Wikipedia is a great way to learn something new every day, and its mobile website is exceptional. If you haven’t tried it yet, go ahead and do so now: It almost feels like an app. But if almost doesn’t cut it for you, you’re going to be interested in WikiExplorer [No Longer Available]. This is a slick and modern Wikipedia client that feels thoroughly at home on recent-model Android devices. It’s ad-supported, but you can pay to get rid of them.
Reading an Article
While you can’t pinch-to-zoom, WikiExplorer offers a selection of font sizes, ranging from tiny to huge:
Above you can see the default (which looked quite sensible on my full-HD 5″ phone), as well as the tiny font setting, which was still readable but bordered on the masochistic (for people who really enjoy squinting). But showing plaintext is easy – the tricky parts are the “rich” areas of Wikipedia entries, such as the sidebars many entries have:
Above you can see WikiExplorer’s floating lightbox display for two types of sidebar: One is for an incredibly popular tech blog, and the other is for a highly intelligent mammal. They’re formatted according to different templates, but WikiExplorer makes them both look good.
Inline images are shown, but WikiExplorer knows they may be too tiny for you to enjoy. Tapping an image floats it on your screen, and you can pinch to zoom as close as you want. The original article remains open in the background, so there’s no delay when you want to get back to the text.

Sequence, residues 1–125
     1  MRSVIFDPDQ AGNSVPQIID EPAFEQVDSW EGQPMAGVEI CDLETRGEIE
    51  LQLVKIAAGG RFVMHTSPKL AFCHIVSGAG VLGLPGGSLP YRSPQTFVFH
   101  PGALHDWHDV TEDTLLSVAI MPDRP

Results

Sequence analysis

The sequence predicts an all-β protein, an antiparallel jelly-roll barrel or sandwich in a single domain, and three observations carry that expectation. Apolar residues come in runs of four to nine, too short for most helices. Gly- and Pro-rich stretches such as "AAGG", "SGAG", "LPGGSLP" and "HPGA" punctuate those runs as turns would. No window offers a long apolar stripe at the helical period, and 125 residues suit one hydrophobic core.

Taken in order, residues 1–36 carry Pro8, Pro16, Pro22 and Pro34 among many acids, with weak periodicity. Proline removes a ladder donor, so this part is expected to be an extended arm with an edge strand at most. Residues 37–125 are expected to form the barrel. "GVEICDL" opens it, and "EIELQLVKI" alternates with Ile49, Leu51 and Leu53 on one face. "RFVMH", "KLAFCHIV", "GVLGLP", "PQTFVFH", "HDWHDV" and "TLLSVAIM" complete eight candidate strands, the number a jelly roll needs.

Wikipedia As a Travel Guide: Nearby Articles
This is one of the coolest features WikiExplorer offers:
A map showing nearby entries. Yes, a similar feature is available on Wikipedia’s mobile website as well, but there’s are several key differences: The website shows results as a sorted list rather than a map, and it forces you to use your current location.
With WikiExplorer, not only do you get a map, but you can pan around and long-press any spot in the world to get a view of all of the related entries:
Tapping an entry pops up a related image, and allows you to either navigate to it or read about it. The fact you don’t actually have to be nearby means you can suddenly use Wikipedia as a travel guide: Flying away later this week? Bring up a map of your destination and check out some of the attractions.
App Settings and Page Options
The App Settings show several other ways WikiExplorer differentiates itself from the website:
For one thing, you can use the volume buttons to scroll text, if you’re into that sort of thing. That’s not a feature the mobile website is likely to offer in the foreseeable future. Page options lets you switch to distraction-free full-screen mode, as well as browse the table of contents. I do wish there was a quick way to switch to a dark color scheme, though.
No app is perfect:
The left screenshot shows how deeply-indented lists are displayed. It’s a mess. The right screenshot shows… well, nothing, really. It looks like it was supposed to be an interstitial banner (one of those annoying full-screen ads), but it never loaded on my device – something that happened more than once, despite having a stable Wi-Fi connection. Actual pages did not fail to load, though.
Not a Must-Have, But a Solid App
WikiExplorer is up against some tough competition. Not only is the Wikipedia website one of the best mobile websites around, but there are other Wikipedia clients for Android such as the previously-reviewed LoboWiki and the excellent Wapedia. But the intense competition seems to have bred a capable, stable, and modern app — one that is well worth a try, especially for free.